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Tag Archives: capitalism

(The beauty of capitalism) Everything in this 1991 RadioShack ad exists in a single smartphone

This is from the Huffington Post via HigherPerspective.com.

Tech is pretty much the least regulated part of our economy. Is it any wonder why such miracles have been born? Just imagine the innovation which could be released in other parts of the economy if we allowed it.

The natural tendency is for prices to fall for consumers in a free economy. In a restricted and managed economy the goal is always to have at least a bit of inflation. That way the debt game keeps rolling.

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Why do people fear the Kochs so much?

So the Kochs are going to spend a billion (on think tanks, etc.) in the next election. You know what? I don’t care.

Why Nick? You’re against crony capitalism. Super rich guys spending money on elections doesn’t concern you?

On one level it does. One should always keep a close eye on anyone throwing money around in the political sphere. If the Kochs ever try to buy a law for their benefit, if they ever posture for a crony handout paid for by the taxpayers we will be the first to highlight them.

But it’s not like the Kochs are trying to get the state to work on their behalf. They aren’t trying to leverage the power of the government for their ends.They aren’t like Tom Styer for instance, the biggest political giver of the last cycle who wants specific legislation enacted which will benefit his bottom line in addition to his political aims. The Kochs simply want a smaller state and that in my book is a very admirable thing.

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Behind the 8% plunge in China’s stock market (today)

As we have noted for a while, the Ultimate Crony Capitalist state, China, is seeing very rough waters economically. A massive property bubble (and bust) fueled by Keynesian shortsightedness, not unlike the one we experienced here a few years ago, but much bigger is gripping the country. The Chinese dream is “maturing.” For the first time since emerging from the insanity of Mao the PRC is experiencing real economic pain.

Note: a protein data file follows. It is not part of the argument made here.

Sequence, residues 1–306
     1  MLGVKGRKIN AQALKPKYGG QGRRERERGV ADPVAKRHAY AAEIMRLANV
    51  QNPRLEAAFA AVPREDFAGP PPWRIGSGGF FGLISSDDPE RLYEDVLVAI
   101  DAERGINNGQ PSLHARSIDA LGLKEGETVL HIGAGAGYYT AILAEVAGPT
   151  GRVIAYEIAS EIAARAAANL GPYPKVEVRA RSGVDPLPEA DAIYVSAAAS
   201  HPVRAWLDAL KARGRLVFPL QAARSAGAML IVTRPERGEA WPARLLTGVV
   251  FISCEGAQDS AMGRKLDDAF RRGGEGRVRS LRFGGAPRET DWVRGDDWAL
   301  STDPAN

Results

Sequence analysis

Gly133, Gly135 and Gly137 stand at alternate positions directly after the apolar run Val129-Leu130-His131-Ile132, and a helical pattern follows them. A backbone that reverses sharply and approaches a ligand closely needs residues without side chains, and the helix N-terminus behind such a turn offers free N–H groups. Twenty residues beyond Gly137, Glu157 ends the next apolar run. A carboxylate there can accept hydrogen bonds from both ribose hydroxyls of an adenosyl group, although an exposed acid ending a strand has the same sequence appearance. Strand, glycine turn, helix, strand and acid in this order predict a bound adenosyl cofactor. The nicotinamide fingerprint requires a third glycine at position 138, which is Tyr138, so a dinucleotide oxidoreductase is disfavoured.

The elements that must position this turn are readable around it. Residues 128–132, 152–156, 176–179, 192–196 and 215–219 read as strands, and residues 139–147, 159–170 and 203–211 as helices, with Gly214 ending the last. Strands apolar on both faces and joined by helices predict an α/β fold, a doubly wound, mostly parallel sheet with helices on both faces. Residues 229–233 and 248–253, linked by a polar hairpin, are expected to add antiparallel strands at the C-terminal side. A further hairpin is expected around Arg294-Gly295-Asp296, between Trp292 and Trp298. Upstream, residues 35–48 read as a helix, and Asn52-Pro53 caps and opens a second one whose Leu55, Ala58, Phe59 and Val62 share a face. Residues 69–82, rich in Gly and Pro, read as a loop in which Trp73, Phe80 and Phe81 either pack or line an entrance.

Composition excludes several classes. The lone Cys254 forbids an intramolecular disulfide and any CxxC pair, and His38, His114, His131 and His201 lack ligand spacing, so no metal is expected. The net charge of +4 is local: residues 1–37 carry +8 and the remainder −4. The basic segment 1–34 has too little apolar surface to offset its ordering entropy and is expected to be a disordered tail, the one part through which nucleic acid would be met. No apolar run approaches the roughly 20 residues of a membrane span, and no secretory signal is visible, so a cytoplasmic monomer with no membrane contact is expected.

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San Francisco rent control contributes to housing shortage

This op-ed was written by a colleague of mine in San Francisco, Bill Shireman. His organization, Future 500 is a client.

I have written a number of times about the City by the Bay at ACC. It is a fascinating place. A refuge for the weird and for the rich and for the weird and rich. Jammed onto the tip of a peninsula, space is at a serious premium. Throw in a government which is very very “liberal” and all sorts of strange economic phenomena occur.

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The entrepreneur, a vanishing species?

It’s hard to start a business. It takes skill, capital, tolerance of risk, and just good old hard work. Layer the red tape on top of all the things a business owner must contend with in the marketplace these days and it’s not surprising that we are losing more businesses than we are creating as an economy.

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Champion of the market Tyler Cowen praises Keynes?

Tyler Cowen is considered one of the most influential market oriented economists in the world. He heads the increasingly important Mercatus Center at George Mason University just outside of Washington DC and his website A Marginal Revolution is widely read. I once heard him speak at a Students for Liberty conference where he was warmly received by 250 fire breathing young activists. Cowen has serious free market credibility. That’s why it is frustrating to see Dr.Cowen heaping praise on perhaps the most destructive economist to tread terra firma, JM Keynes.

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Why Budweiser’s decline is a triumph of capitalism, taste

You think The Camp David Accords were Jimmy Carter’s only triumph? Well he has another – the end of the prohibition of home brewed beer. This law (no executive order needed) allowed the birth of the microbrew revolution. Truly, the world is a better and tastier place for this act of liberalization. I’ll raise an IPA to Jimbo.

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Let’s all give thanks for our rogue founders, dissidents, gamblers, hunters, moonshiners, speculators

It’s easy to forget in this time of political correctness, in this time of regulated EVERYTHING, in this time of Black Friday sales, and Oprah Winfrey Shows, airbags, and helicopter parents that this country used to be a very rough and tumble place – and it wasn’t all bad. Indeed America was a blank canvas for many, full of opportunity as much as peril. America was a place where peasants came and carved out a living, in the hopes of achieving much more than just a living. Some, many, of them achieved real wealth. Something which could never have been achieved in Europe where society was stratified and barriers to entry of all sorts abounded.

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